Mobile Devices Move Passwordless Future to Now

Mobile devices, biometrics and identity tokenization are helping to make passwordless identity authentication a reality, Rodger Desai, chief executive officer of Prove Identity, told PYMNTS’ Karen Webster.

The payoffs are huge for consumers, Desai pointed out, since they won’t have to wrack their brains to remember passwords or write them down only to lose the post-it. Companies that leverage passwordless authentication technology won’t have their call centers and support staff besieged by frustrated customers having trouble logging in. Security teams will find it easier to guard against hackers. And for merchants and banks, consumer loyalty increases as they are able to personalize transactions and interactions with consumer-permissioned data.

Consumer behavior is indeed changing. Desai explained that individuals navigating the digital shift have found it easy and appealing to apply for a credit card or deposit account with just their phone number (Prove, he said, has been a key part of that innovation). No doubt you’ve been sent a one-time password (OTP) SMS to get the go-ahead with a transaction or to log into a site. But that’s just the beginning, said Desai. Forward-looking companies are already taking advantage of more advanced identity authentication technology that solves some of the security vulnerabilities, cost and experience issues of OTPs.

“I just don’t think that banks or merchants can take their over-reliance on SMS OTP for much longer,” Desai told Webster.

Among its other business lines, Prove secures a significant amount of OTPs for big banks and even bought a company, Authentify, from Early Warning, that provides layered digital multi-factor authentication.

“We secure them,” he said of the OTPs, “but they’re very expensive.”

They can also be socially engineered with ease, which leaves the entities and individuals who use them vulnerable. And the traditional risk-based authentication models at banks and merchants tend to be hit and miss since they use transaction history and large swaths of data to try to determine customer identities.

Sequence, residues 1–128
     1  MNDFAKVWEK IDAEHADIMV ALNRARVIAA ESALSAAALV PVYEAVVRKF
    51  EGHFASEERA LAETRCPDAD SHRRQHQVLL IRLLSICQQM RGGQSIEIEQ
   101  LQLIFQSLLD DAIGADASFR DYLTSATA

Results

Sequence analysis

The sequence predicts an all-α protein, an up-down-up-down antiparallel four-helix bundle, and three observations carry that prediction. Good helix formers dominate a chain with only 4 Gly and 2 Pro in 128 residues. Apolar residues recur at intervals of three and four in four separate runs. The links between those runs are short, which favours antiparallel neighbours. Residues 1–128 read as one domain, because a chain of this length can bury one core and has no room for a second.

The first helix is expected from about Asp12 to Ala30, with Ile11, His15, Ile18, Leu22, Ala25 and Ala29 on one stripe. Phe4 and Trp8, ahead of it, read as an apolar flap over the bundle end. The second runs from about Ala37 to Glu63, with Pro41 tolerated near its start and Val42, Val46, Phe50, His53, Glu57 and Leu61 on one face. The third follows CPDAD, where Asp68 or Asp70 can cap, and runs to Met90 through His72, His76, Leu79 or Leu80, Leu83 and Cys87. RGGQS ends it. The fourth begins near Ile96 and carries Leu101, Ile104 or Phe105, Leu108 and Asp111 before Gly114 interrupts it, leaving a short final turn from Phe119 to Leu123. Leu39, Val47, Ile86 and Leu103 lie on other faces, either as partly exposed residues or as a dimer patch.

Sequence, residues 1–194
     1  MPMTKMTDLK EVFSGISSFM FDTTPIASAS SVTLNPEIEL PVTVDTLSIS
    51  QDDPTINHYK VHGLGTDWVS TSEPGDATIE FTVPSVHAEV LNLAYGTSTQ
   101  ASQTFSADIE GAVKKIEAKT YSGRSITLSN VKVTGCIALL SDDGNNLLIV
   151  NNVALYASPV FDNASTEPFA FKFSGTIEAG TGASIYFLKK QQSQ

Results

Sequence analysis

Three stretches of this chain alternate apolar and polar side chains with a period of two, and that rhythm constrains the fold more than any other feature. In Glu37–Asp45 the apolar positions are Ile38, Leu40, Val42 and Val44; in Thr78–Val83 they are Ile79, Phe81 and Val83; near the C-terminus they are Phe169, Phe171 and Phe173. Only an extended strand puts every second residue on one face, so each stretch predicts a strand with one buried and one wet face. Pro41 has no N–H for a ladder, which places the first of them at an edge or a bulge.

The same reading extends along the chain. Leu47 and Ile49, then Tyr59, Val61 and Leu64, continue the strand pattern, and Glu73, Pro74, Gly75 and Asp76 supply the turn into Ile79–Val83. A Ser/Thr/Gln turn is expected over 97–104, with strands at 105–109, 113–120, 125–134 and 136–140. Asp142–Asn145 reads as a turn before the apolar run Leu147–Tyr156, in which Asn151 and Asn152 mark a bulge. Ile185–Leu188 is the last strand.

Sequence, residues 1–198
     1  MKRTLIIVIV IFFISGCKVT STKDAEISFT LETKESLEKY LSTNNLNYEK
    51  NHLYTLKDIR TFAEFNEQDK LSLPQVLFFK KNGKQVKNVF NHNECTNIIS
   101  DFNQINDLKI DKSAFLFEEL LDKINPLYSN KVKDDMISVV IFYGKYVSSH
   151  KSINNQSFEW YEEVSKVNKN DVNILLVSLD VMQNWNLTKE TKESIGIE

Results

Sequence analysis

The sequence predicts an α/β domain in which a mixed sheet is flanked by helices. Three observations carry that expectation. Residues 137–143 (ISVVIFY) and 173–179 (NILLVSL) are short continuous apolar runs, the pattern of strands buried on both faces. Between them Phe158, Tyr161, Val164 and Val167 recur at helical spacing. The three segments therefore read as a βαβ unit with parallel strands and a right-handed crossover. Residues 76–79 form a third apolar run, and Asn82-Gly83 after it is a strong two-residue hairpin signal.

On the consumer side of the equation, Webster noted that there is a continuing comfort with using thumbprints/face IDs to unlock devices to transact in an increasingly contactless world.

That confluence of factors, of using technology to prove the person showing up at a site is authorized to use that site, has underpinned Prove’s newest effort to essentially embed authentication passively into digital experiences via the cryptographic key in every mobile device.

“The key here is to get to something more deterministic, because that’s the most accurate way,” he said of authentication — and it’s an improvement over “guessing” based on patterns of behavior.

Prove Identity last month announced the debut of Prove Auth, which leverages something that pretty much everyone has: the phone and more specifically, the phone’s cryptographic key (that’s the SIM card). Prove’s Phone Identity Network creates and issues consumer-level identity tokens that are tied to those SIM cards.

These encrypted identity tokens, he said, are already being used for KYC purposes or to pre-fill an application (with explicit consent from the user). Desai predicted that this year the company would complete more than 60 million pre-fills in the US The tokens themselves can be issued in real time as consumers get new phones or change numbers, which ensures a continuum of data protection and privacy. A consumer can use their phone to create an account with just a couple of clicks and then be prompted to decide whether they’d like to go passwordless.

File Cabinet of Financial Information Moves With Consumers

According to Desai, merchants and financial institutions are going to get on board with cryptographic, mobile-device-centered authentication in a big way.

The day is not far off where one’s face launches an account and gives the (literal) nod for permissioned data to be across a broad range of use cases. In that case, if a user’s phone alerted the consumer that, hypothetically, Carvana wanted the would-be car buyer’s identity, income, credit score (all without friction), and that permission were granted, the best, personalized deal could be offered on the spot.

“It’s like a privacy-enhanced file cabinet of your financial information,” Desai said. That filing cabinet moves with the individual across daily life with their permission, in ways that can generate “real value for everyone — for the merchant, for the bank and for the consumer.”

The passwordless future may have been a long time coming. But, as Desai said, now’s the time.

How Consumers Pay Online With Stored Credentials
Convenience drives some consumers to store their payment credentials with merchants, while security concerns give other consumers pause. For “How We Pay Digitally: Stored Credentials Edition,” a collaboration with Amazon Web Services, PYMNTS surveyed 2,102 US consumers to analyze consumers’ dilemma and reveal how merchants can win over holdouts.

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